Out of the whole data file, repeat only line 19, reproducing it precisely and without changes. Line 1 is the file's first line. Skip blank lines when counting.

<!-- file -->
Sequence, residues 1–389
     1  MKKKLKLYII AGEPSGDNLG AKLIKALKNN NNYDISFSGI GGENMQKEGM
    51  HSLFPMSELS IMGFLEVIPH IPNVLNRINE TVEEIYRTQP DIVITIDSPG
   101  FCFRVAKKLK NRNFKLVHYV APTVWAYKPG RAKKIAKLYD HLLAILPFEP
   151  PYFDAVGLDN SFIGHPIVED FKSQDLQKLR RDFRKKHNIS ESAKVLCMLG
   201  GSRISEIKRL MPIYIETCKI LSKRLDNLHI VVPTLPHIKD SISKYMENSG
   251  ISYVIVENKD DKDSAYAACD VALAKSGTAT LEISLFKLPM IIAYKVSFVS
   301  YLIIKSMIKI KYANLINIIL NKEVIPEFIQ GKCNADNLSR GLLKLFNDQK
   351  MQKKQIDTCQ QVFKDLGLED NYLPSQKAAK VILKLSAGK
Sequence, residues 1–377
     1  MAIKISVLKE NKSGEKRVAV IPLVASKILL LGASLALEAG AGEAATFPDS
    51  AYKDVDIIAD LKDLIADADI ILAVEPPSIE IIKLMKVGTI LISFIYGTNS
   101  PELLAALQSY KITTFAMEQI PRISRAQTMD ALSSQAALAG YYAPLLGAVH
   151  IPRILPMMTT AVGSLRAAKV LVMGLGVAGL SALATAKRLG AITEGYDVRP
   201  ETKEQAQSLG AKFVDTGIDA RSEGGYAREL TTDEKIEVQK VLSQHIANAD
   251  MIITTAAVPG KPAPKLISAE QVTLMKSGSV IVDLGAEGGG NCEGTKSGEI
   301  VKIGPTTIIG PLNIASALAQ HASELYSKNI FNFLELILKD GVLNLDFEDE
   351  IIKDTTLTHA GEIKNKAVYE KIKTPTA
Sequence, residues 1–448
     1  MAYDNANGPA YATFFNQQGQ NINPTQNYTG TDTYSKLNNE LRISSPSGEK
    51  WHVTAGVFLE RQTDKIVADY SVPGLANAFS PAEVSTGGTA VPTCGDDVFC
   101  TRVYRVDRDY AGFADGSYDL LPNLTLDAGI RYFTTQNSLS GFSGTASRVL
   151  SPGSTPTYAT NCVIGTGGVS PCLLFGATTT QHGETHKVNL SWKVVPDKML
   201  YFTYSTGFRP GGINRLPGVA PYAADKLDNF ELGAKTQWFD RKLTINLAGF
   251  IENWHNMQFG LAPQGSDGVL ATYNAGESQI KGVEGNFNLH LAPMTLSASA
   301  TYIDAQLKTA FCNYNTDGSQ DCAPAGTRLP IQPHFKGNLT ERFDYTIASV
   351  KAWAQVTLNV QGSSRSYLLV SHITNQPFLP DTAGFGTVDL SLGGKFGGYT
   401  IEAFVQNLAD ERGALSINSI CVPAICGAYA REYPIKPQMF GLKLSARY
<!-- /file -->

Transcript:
Sequence, residues 1–448